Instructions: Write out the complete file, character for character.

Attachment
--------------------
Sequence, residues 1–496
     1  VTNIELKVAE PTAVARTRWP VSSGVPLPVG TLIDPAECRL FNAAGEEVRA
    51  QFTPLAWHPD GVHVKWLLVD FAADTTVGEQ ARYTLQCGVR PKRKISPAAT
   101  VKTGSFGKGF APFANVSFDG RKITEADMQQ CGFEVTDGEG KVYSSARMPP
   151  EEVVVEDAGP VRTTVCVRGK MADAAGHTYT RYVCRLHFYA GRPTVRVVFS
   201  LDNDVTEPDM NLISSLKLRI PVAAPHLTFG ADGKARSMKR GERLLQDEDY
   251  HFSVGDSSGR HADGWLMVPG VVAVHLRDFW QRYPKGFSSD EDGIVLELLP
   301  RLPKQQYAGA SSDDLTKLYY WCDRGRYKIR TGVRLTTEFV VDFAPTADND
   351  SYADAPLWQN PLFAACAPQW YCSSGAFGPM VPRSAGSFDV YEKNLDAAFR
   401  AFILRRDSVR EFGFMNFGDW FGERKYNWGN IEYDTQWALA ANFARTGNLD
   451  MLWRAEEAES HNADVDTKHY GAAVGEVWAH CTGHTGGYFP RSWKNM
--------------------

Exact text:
Sequence, residues 1–496
     1  VTNIELKVAE PTAVARTRWP VSSGVPLPVG TLIDPAECRL FNAAGEEVRA
    51  QFTPLAWHPD GVHVKWLLVD FAADTTVGEQ ARYTLQCGVR PKRKISPAAT
   101  VKTGSFGKGF APFANVSFDG RKITEADMQQ CGFEVTDGEG KVYSSARMPP
   151  EEVVVEDAGP VRTTVCVRGK MADAAGHTYT RYVCRLHFYA GRPTVRVVFS
   201  LDNDVTEPDM NLISSLKLRI PVAAPHLTFG ADGKARSMKR GERLLQDEDY
   251  HFSVGDSSGR HADGWLMVPG VVAVHLRDFW QRYPKGFSSD EDGIVLELLP
   301  RLPKQQYAGA SSDDLTKLYY WCDRGRYKIR TGVRLTTEFV VDFAPTADND
   351  SYADAPLWQN PLFAACAPQW YCSSGAFGPM VPRSAGSFDV YEKNLDAAFR
   401  AFILRRDSVR EFGFMNFGDW FGERKYNWGN IEYDTQWALA ANFARTGNLD
   451  MLWRAEEAES HNADVDTKHY GAAVGEVWAH CTGHTGGYFP RSWKNM